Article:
The Determination of Health Across the Life Course and Across Levels of Influence

Posted on: May 31, 2015 Topics: dean's note

In the first part of this Dean’s Note, I suggested that a life course perspective can be a useful and essential organizing approach for population health science. I have, in previous work, suggested that life course approaches and multilevel approaches may be the two most important paradigmatic shifts in population health science in recent decades. Building then on the first part of this note, here I comment on multilevel approaches.

A multilevel approach to population health is predicated on the understanding that exposures at many levels of organization work together to produce health outcomes. These exposures are positioned both up and downstream of individual-level risk factors [see Figure 1] and include determinants of population health that are social, biological, geographic, political, and temporal in nature.

Figure 1. Kaplan GA. What’s wrong with social epidemiology and how can we make it better? Epidemiol Rev.,2004; 26: 124-35.

Figure 1.
Kaplan GA. What’s wrong with social epidemiology and how can we make it better? Epidemiol Rev., 2004; 26: 124-35.

Therefore, a multilevel approach teaches us to ask how it is that social relationships produce health behaviors that in turn may result in pathophysiologic manifestations of disease. A multilevel question might ask what the consequences are of lifting a law requiring motorcycle helmet use on head injuries in a particular state. This, of course, is in contrast to a “single-level” question that rests on individual associations and that would ask what the relationship is between an individual wearing her helmet and her risk of head injury.

A multilevel framework provides us with an opportunity to ask questions that extend our analytic lens beyond individual experience to a fuller appreciation of the levels of influence that plausibly shape the health of populations, all to the end of understanding what might indeed matter most and what might be useful levers of influence in our goal to improve population health.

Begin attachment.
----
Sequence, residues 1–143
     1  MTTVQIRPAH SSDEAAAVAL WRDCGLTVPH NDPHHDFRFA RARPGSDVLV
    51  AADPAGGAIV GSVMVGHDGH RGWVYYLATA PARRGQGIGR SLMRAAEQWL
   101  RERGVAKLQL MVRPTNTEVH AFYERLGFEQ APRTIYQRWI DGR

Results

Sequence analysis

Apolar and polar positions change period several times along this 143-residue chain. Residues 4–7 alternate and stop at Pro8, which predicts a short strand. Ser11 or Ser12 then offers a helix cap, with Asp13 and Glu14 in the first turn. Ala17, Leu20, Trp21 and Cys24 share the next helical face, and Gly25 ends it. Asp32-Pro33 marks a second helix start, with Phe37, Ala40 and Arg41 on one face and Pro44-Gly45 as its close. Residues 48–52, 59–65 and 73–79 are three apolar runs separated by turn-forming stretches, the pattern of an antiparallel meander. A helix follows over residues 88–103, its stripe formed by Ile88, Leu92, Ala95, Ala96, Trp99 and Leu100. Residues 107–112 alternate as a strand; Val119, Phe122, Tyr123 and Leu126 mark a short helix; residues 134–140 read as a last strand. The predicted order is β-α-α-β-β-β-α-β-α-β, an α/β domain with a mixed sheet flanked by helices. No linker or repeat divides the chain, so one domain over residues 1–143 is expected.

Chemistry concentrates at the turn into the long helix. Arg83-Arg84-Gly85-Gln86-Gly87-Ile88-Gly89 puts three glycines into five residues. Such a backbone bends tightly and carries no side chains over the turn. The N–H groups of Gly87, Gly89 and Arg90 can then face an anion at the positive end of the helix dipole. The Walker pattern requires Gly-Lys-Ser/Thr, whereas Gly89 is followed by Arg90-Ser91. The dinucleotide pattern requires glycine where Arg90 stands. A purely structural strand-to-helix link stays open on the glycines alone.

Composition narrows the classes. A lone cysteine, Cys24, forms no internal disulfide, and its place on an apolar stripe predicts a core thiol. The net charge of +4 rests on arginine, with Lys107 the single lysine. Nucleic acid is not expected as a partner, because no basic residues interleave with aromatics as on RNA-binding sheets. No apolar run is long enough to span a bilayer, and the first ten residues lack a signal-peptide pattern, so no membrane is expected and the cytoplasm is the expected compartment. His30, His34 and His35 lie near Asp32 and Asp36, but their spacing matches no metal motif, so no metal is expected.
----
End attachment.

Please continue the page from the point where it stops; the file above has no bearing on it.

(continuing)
To illustrate the potential role of multilevel thinking on our understanding of health in populations, let me comment briefly about coronary heart disease (CHD), the leading cause of death in the United States (610,000 per year), responsible for approximately one-quarter of all annual deaths. CHD has largely been studied in relation to diet, physical activity, and smoking, each critical and modifiable factors that are indeed associated with CHD. Yet, if we focus only on these exposures, we risk confinement to the proximate prison of risk-factor epidemiology, missing the levers of public health impact that lie at “higher” levels of organization. In the last two decades, the study of CHD has extended to neighborhood-level social environment. For example, socioeconomic environment is associated with CHD incidence, with greater neighborhood disadvantage predicting higher incidence, beyond individual risk factors, among both blacks and whites. Work led by SPH Professor Yvette D. Cozier and conducted with SPH colleagues Julie R. Palmer, Lisa Fredman, Lauren A. Wise, and Lynn Rosenberg demonstrated that neighborhood median housing value in particular is inversely related to hypertension (a risk factor for CHD) among black women, independent of individual level risk factors. Similarly, neighborhood-level social capital is a predictor of CHD mortality. Therefore, the drivers of CHD rest both at the individual level and the group level, being well in line with a multilevel perspective on the production of population health.